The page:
In addition, if you’re planning on having children, it’s a good idea to buy your life insurance policy before becoming pregnant to qualify for all life insurance benefits.

C) Self Employed

If you are self employed you are not entitled to State disability payment should you be unable to work. If you stop working, your income stops. Income protection  can protect you. It can provide you with up to 75% of your income should you be unable to work due to ANY illness, injury or disability.

D) Retired

If you leave an inheritance to your family, they could be hit with a large tax bill after you die. Your life insurance policy is usually paid out immediately, allowing them to use the proceeds to pay their tax bill.

E) Single without Children

You probably don’t need life cover but if you have a mortgage you need mortgage protection. Do you provide financial assistance for anyone?  Do you have any other debts? If your death would cause financial suffering to anyone then you may also need life assurance

Types of Policy


Single life

Pretty much what it says on the tin; one person is covered. This could be you, your husband, your wife etc. If this person dies within the term of the policy, the proceeds will be paid to the policyholder’s estate.

Example: Julie is single mother and starts a life insurance policy for €200,000 for 20 years. She dies in year 18. The €200,000 is payable to her estate. The policy ends.

Joint Life

As it suggests joint life cover is taken out for two people and is payable on one death within the term of the policy. This can be structured in two ways:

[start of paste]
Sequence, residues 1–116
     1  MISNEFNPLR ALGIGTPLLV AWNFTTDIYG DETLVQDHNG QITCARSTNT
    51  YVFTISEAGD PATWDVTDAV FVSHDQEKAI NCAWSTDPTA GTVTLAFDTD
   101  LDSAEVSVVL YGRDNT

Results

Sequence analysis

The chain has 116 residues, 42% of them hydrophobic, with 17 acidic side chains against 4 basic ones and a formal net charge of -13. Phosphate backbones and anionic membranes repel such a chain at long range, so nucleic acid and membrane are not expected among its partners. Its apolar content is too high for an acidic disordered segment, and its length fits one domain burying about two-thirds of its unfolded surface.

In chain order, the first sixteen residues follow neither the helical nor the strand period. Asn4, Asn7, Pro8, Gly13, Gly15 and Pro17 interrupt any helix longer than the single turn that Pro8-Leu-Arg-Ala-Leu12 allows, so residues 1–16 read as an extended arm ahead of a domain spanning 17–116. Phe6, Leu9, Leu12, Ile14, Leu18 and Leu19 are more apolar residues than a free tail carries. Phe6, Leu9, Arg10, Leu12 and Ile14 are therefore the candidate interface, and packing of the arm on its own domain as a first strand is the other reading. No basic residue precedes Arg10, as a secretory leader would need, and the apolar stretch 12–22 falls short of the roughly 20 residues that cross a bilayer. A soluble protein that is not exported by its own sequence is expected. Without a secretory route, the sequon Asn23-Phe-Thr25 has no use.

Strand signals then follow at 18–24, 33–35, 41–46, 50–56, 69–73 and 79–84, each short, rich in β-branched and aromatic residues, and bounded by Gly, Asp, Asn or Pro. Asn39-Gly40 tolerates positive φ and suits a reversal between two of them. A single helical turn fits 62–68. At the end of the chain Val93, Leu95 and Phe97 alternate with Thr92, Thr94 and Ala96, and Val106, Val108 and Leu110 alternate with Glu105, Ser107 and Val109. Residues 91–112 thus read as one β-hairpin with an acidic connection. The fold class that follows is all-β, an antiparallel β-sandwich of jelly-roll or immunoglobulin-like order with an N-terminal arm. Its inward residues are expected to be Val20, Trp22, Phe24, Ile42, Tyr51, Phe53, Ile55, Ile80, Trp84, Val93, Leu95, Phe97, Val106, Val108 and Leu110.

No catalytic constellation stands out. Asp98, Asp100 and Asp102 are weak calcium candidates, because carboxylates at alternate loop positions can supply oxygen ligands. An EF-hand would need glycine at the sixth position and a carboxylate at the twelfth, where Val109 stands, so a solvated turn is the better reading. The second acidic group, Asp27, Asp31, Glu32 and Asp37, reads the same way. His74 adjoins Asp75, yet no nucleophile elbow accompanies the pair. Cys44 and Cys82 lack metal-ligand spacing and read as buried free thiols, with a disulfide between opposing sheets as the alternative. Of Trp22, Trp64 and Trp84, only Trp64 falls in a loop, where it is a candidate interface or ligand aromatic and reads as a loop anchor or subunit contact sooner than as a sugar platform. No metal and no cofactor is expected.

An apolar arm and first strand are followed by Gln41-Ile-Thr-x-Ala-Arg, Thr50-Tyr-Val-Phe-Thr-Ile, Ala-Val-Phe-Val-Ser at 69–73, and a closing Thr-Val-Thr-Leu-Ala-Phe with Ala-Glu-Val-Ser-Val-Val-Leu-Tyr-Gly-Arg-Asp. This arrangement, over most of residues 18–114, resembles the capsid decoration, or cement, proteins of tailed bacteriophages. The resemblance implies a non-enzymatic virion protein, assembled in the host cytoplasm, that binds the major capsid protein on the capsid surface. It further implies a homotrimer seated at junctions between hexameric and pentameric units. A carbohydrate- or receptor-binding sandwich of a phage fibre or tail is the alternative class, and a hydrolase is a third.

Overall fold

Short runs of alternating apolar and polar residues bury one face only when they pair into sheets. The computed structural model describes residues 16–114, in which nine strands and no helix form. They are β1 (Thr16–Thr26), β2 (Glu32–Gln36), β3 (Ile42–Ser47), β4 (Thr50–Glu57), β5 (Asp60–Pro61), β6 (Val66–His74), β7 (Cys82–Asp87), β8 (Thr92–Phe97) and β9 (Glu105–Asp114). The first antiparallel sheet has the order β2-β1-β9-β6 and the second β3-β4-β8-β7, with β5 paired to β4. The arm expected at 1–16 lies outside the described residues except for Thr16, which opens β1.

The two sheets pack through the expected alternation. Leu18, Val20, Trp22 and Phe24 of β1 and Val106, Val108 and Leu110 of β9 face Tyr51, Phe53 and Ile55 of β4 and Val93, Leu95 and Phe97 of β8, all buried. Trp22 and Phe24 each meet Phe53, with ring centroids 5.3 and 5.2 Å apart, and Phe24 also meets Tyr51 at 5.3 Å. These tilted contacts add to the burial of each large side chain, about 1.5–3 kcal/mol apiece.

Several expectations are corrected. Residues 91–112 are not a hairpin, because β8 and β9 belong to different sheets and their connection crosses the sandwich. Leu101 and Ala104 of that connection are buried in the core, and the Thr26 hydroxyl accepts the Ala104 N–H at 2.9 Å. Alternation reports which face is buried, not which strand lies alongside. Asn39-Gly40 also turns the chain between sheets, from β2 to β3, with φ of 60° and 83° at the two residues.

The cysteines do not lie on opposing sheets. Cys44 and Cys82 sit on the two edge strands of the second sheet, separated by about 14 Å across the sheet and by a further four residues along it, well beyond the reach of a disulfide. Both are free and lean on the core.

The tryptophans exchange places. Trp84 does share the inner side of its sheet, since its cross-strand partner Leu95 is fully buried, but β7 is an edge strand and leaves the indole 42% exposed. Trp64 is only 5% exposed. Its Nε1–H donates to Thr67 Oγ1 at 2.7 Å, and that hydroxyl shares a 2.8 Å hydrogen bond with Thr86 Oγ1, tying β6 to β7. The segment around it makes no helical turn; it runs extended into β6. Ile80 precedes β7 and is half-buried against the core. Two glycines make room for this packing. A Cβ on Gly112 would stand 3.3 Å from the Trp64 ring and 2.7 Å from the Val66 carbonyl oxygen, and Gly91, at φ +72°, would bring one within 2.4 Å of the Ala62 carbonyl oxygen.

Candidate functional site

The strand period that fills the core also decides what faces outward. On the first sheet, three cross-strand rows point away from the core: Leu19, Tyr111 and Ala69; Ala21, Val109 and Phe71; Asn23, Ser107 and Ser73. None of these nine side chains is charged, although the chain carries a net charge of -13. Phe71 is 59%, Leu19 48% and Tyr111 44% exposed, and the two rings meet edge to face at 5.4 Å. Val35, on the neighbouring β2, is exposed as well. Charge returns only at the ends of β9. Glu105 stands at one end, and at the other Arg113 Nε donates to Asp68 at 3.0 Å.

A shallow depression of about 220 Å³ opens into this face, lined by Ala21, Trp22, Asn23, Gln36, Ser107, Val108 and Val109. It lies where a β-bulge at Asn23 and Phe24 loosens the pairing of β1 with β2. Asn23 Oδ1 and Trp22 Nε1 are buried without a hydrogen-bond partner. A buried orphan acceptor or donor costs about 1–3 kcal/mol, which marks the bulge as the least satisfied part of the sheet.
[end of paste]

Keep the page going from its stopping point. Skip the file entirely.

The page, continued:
Joint Life – First Death: the policy will pay out after the death of one of the people covered.

Joint Life – Second Death: the policy will pay out after the death of the second person covered.

Joint Life First Death is the most common policy to be taken. When the claim is paid, the proceeds will be paid
to the other policy holder. As there is only the potential for one payout, there can only be one sum insured, i.e. the two lives cannot be covered for different amounts.

Example: Tom & Mary have a joint life first death policy. They are covered for €250,000 for 25 years. In year 20 Tom dies. €250,000 is paid out to Mary and the policy ceases.

Dual Life Insurance is similar to Joint life insurance, in that it is set up on two lives. The fundamental difference is that a payout is possible on both lives. This is a very valuable family protection option.

Example: Tom & Mary have a dual life policy for 20 years. Tom is covered for €200,000 and Mary is covered for €150,000. After 6 years Tom dies and €200,000 is paid to Mary. The policy remains in force, and Mary remains covered for €150,000. If Mary were to die within the remaining term, her estate would receive €150,000. If Julie was still alive at the end of the term, the policy would cease.

What is a Conversion Option?

A conversion option is a very valuable benefit which allows you to “convert” your policy to another plan, at any stage throughout the term of your policy, without providing any evidence of health. You can include a conversion option in Life Insurance Cover and Serious Illness Cover.

Example: Tom has a life insurance policy with a conversion option that he took out 12 years ago. He needs new life insurance cover for a mortgage on an investment property that he is buying. His health is not as great as it was 12 years ago – he now suffers with disbetes and is over weight. If he took out a new policy, he would have to pay an increased premium due to his health. Instead he “converts” his existing policy to cover his new mortgage. The premium is based only on Marks current age and his health is not taken into account.